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These leaders study investment proposals on land and decide whether or not to go ahead with concessions for new investments, after a thorough study of the benefits that these projects can bring to the local economy. But to decide on this they rely on great technical support. Each case is different, and each country can develop its own strategy, but in Ghana it works well and there are quality investments.

Will the financial sector be involved in these discussions? What is this sector’s opinion on the project?

Immediately it will not be involved, but we will work with representatives of the private sector, including the CTA. One of the main problems we have is that this should be a tripartite dialogue, but it is not possible to have the private sector, the State and the communities at the same time. Therefore, conditions must be created to have all three at the same table discussing the premises that exist for land-based investments.

If the private sector wants to improve its investment environment it will have to make a programme with environmental sustainability, social sustainability of the communities and technical sustainability, because it has to make the communities happy, but not with what we usually see, which is to drill a borehole here or a school there. I think it has to be a more meaningful development plan.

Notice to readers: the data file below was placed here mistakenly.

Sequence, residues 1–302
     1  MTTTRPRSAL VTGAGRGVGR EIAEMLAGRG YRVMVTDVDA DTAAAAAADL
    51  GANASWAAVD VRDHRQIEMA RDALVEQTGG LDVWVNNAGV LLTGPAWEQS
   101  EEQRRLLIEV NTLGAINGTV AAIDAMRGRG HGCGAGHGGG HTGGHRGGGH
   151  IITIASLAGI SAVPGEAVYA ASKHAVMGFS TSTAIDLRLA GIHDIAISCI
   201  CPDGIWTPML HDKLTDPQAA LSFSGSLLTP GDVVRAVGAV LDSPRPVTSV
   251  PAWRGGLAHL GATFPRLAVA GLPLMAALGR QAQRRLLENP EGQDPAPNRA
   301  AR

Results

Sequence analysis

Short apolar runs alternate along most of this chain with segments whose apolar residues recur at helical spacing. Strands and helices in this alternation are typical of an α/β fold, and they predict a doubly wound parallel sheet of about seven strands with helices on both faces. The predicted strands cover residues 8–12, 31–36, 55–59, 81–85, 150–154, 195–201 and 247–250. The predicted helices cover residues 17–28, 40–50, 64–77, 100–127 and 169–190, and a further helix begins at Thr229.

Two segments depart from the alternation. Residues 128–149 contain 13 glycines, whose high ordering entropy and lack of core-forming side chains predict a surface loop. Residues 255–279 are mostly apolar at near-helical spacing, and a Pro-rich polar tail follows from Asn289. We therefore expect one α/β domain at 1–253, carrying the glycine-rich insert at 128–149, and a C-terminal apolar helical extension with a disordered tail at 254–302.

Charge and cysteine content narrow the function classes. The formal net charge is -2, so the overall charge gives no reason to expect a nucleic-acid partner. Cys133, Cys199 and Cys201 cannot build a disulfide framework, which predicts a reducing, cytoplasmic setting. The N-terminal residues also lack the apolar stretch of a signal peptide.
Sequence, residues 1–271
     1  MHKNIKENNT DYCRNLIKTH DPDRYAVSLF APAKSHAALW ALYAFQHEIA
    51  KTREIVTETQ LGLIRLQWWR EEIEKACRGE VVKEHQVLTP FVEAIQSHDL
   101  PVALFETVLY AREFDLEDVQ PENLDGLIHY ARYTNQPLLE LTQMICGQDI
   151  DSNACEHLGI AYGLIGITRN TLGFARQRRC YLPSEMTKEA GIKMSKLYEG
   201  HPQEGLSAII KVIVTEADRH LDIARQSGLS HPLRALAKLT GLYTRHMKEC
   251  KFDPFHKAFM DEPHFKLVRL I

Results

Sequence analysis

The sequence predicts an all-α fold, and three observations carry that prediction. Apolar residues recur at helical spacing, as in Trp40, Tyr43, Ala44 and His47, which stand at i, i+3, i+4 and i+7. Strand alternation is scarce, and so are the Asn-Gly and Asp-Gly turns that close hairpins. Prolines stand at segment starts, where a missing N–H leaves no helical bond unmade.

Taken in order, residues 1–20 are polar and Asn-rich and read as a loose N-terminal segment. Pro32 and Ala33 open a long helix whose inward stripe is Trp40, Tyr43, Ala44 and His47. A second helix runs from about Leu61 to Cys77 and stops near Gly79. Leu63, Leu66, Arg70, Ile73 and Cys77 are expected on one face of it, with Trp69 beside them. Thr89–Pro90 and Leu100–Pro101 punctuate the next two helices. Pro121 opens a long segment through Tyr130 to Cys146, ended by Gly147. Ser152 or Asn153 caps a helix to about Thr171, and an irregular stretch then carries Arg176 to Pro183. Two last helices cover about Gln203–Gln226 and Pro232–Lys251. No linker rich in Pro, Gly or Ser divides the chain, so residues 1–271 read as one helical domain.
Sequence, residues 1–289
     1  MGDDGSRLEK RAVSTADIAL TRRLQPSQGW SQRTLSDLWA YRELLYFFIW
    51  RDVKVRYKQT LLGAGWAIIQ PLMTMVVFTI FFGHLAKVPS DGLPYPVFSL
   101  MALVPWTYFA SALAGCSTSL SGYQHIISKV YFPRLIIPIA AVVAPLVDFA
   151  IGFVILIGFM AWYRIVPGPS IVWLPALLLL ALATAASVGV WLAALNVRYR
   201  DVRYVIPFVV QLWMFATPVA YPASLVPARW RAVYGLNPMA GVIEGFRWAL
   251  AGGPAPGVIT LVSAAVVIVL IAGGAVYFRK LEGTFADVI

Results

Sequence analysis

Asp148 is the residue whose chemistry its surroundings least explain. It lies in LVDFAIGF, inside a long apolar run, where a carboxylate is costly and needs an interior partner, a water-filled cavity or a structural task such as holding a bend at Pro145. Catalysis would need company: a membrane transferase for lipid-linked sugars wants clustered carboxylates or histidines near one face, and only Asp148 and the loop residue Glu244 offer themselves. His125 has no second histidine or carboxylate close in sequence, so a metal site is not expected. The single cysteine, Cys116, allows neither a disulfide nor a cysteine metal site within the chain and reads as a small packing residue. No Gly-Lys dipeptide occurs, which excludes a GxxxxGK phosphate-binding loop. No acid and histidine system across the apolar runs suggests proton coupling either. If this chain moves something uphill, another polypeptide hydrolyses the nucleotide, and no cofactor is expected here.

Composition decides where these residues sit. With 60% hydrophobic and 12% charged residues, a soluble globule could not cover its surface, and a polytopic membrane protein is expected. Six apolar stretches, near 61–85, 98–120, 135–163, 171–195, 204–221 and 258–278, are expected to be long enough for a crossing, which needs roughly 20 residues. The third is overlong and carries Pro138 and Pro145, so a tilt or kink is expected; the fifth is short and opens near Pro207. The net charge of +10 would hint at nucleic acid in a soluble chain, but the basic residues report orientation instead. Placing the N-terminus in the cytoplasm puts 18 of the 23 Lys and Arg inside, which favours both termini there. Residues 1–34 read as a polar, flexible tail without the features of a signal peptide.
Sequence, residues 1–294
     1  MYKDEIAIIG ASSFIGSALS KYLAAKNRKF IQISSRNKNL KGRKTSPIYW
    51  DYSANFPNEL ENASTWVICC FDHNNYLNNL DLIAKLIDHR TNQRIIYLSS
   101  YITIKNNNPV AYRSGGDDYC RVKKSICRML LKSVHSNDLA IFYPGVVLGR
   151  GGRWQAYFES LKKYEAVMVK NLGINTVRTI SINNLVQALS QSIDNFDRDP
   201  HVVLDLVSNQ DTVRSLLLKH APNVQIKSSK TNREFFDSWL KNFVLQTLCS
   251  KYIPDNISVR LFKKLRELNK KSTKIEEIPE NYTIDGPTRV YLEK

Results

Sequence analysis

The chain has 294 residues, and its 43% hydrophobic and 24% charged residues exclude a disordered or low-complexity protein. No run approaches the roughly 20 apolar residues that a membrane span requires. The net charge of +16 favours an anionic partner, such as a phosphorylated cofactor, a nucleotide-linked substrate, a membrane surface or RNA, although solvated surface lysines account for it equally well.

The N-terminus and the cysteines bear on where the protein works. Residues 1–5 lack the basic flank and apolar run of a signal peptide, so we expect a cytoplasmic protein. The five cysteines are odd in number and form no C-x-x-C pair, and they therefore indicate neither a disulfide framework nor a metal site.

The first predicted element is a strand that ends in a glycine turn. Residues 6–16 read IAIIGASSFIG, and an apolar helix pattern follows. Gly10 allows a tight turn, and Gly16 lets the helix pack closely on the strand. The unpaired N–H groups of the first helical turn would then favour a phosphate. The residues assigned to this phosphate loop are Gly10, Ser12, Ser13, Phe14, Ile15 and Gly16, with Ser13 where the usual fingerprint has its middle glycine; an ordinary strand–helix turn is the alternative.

We have, for example, the oil and gas investments that involve many millions of dollars. And what we see is that they drill a borehole for water while they could create a more elaborate development plan or a community development plan, invest in social infrastructure and create conditions for the development of the human capital that is there, open schools, provide scholarships and create conditions for these people who will graduate to be employed.

This model is already used in many countries. If a certain community is close to an oil & gas project, why not transform it into a city? From my point of view, the discussion should be along these lines.

At the end of the four-year period, what country will we have in terms of land exploration if everything goes according to forecasts?

At this stage we are carrying out studies that will focus on the type of action plan that we need to have in order to implement activities tailored to the problems that exist.

But I believe that if we reach a stage where the tripartite dialogue actually takes place, and the communities already participate in the issues of large investments, and the DUATs for the communities are processed much more quickly, it could be a great investment for the project.

There are examples of places where large investments were made on the land, which then became large cities. That is another level of yearning that requires a lot of seriousness and celerity. Communities take a long time waiting for the DUAT, around ten years or so. The success of land investments depends on getting a good database for their management, that communities participate and have a voice, and that the investments are socially, environmentally and technically sustainable.